As to aquatic plants, I would agree that some species may look different with continuous light, but that doesn't mean that they've decreased their productivity. If you can find a paper that compares growth rates/biomass production of aquatic plants that shows decreased growth with continuous light, I'd love to see it. So far, all I've found is either no change or a major (and statistically significant) increase.

*Raven PH, Evert RF, and Eichhorn SE. 1992. Biology of Plants (5th Ed.), Worth Publishers (NY), p. 578.
 

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Discussion Starter · #8 ·
I have heard of lots of different time frames also. I have been doing a 14 hr period with an afternoon break of 2-3 hrs for a while and they seems to help keep the BBA at bay. (unless I forget to do the lights out afternoon.) Thank you everyone. I want to give the plants what they need.:thumbsup:
 

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I was sent here from TPT forums (plantedtank.net) to get dwalstads' advice or input on something similar to this discussion, but instead of too much or long photo times, my interest is in the dark times.

Allow me to explain my thoughts. Outside nature is governed by itself on a 24 hour schedule, albeit sometimes changing, but nature has its' best benefit in mind I believe. In our aquariums, we are the governers, and decide what is best. (Or worst for the first few days I started planting my tanks :p)

If light is what encourages growth, tells our plants to start sucking up nutrients. At night they respire, and reach for the skies. (but I'm a soldier and value my sleep time)

What is the minimum downtime for plants? IS it possible and still healthy for a 9 hour on, 9 hour off cycle?

Quote from Naja when asked the same ? on TPT:

"Ok, it's sounds like you are wondering if we can "add more days to the year" by using a minimum dark cycle. I've pondered that--6 hrs On, 6hrs Off x2/day, etc. I don't know the answer, but I've pondered the thought."

Thank you for your time :)
 

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I suppose you could give plants 'days' that are longer or shorter than 24 hours. One thing I know is that the photoperiod---the part of the day that plants measure and which determines whether they flower or grow vegetatively or go dormant---is the dark period. Long day plants are really short night plants that require a night shorter than some length of time in order to bloom. Short day plants are really long night plants that require a night longer than some amount of time in order to bloom.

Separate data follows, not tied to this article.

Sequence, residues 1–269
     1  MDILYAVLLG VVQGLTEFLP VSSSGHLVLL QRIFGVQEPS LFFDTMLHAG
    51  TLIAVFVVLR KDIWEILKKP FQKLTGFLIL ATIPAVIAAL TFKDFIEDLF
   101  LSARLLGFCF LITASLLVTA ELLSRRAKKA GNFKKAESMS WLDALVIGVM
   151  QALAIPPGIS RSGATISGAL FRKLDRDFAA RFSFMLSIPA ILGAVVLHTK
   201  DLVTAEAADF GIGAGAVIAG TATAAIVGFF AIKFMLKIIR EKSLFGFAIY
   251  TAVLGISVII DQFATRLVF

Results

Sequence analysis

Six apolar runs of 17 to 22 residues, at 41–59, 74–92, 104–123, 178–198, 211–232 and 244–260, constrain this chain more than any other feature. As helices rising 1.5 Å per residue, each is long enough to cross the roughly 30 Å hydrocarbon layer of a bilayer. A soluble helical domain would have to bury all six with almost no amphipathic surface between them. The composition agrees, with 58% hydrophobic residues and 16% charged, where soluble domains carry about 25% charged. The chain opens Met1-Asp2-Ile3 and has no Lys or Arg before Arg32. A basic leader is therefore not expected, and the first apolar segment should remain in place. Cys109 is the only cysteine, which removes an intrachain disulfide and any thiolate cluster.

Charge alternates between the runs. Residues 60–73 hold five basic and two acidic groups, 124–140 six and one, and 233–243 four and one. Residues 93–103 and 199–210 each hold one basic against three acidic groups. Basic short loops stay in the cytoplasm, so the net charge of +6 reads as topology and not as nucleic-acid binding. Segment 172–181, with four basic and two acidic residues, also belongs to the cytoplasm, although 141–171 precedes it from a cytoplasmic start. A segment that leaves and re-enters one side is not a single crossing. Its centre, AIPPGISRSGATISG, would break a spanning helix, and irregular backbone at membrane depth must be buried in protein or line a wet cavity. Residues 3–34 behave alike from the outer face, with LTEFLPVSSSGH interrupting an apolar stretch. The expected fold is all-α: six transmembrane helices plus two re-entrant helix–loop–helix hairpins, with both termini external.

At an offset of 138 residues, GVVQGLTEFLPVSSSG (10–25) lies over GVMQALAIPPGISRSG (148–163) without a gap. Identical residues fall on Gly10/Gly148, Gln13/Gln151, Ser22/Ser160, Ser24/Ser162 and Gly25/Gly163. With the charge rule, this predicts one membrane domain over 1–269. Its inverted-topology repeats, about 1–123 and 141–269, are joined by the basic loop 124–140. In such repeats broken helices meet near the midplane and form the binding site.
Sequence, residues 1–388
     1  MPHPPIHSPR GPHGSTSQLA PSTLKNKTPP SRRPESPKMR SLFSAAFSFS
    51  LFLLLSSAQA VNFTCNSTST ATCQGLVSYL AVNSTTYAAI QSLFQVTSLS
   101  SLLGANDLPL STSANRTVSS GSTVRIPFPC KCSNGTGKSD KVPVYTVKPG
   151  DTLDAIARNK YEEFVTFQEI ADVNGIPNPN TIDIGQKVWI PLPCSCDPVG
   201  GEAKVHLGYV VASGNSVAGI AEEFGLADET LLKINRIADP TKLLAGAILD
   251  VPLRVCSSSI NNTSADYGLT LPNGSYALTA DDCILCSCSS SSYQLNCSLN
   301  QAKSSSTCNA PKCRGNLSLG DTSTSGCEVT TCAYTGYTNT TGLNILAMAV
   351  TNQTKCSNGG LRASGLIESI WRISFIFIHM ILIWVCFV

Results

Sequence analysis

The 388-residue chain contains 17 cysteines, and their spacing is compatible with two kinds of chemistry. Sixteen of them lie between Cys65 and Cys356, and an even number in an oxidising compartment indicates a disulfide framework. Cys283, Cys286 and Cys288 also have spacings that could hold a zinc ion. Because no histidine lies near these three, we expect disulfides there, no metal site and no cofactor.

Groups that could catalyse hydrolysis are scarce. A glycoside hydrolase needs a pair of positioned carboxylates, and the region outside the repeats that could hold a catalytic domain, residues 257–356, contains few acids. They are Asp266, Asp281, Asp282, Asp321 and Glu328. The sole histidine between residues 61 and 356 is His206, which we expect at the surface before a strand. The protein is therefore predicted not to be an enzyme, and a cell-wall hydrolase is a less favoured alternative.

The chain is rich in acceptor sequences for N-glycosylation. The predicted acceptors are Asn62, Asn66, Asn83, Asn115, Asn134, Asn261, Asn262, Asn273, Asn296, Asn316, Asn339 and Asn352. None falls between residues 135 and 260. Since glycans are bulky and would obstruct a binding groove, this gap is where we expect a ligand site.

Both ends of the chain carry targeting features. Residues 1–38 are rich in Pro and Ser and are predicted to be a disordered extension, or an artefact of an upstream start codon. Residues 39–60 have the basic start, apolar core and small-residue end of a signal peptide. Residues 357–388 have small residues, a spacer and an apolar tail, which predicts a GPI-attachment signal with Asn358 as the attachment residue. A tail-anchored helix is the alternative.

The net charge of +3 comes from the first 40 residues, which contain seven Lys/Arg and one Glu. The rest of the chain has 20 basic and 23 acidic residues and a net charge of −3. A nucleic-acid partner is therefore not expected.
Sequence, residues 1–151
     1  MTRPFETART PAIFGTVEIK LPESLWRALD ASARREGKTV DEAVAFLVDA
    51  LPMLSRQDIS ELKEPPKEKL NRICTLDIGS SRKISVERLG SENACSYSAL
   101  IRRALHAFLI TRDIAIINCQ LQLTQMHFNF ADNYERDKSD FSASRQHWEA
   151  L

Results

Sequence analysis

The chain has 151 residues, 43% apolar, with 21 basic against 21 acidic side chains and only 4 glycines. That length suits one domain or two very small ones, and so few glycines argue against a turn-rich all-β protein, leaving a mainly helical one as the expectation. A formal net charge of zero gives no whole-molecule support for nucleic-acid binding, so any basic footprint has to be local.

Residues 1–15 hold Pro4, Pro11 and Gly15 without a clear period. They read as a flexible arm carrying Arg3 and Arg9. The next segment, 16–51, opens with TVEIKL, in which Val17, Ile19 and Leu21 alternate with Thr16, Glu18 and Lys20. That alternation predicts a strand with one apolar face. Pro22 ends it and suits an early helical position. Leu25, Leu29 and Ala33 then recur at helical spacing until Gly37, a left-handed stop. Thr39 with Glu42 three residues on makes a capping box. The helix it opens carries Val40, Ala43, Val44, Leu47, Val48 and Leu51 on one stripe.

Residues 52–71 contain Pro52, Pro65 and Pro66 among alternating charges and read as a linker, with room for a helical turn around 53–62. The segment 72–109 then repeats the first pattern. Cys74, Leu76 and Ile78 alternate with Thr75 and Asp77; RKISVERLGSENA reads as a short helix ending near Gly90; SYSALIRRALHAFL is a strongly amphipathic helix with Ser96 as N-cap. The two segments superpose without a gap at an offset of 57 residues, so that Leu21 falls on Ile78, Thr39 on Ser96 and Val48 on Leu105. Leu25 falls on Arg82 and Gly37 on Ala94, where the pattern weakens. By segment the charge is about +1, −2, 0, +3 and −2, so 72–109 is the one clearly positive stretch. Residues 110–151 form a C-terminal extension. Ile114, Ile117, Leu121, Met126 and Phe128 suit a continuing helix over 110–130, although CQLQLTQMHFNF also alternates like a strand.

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Long day plants are really short night plants that require a night shorter than some length of time in order to bloom. Short day plants are really long night plants that require a night longer than some amount of time in order to bloom.
Can you please give some examples as to wich plants you are referring to?

Ok so with the period of their 24hour cycle (outside of aquaria), plants decide how they grow at night?

During the day they soak up nutrients, and store them as food once broken down into something they can actually use. So I assume that it's safe to say, the growth rate is dependent upon the amount of nutrients stored readily as food, wich is dependent upon the light intensity, dependent upon the length of lighting time. Once lights are out, the plants grow in relation to amount of food stored? What is the ratio, term, length, timing of lights out time, when the plant says "Hey, look buddy, I just can't grow no more, show me the liiiiiiiiiiiiiiiiiiiight!"

Correct me if I'm wrong please. :)
 

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Can you please give some examples as to wich plants you are referring to?
Christmas cactus is a long night plant. It won't bloom unless it has a long, uninterrupted night. Some Echinodorus species bloom only with a short night and some bloom only with a long night. In general, tropical species near the equator are not sensitive to night length, but temperate species are. If temperate species bloom in late spring or summer, they are short night plants, and, if they bloom in the fall, they are long night plants.

During the day they soak up nutrients, and store them as food once broken down into something they can actually use. So I assume that it's safe to say, the growth rate is dependent upon the amount of nutrients stored readily as food, wich is dependent upon the light intensity, dependent upon the length of lighting time. Once lights are out, the plants grow in relation to amount of food stored? What is the ratio, term, length, timing of lights out time, when the plant says "Hey, look buddy, I just can't grow no more, show me the liiiiiiiiiiiiiiiiiiiight!"
I am pretty sure that most plants grow both when the light is on and when it is off. There are exceptions, as in some of the algae mentioned previously where they limit cell divisions to the dark period. It is also safe to assume that plants will grow more given longer days than shorter days at the same light intensity.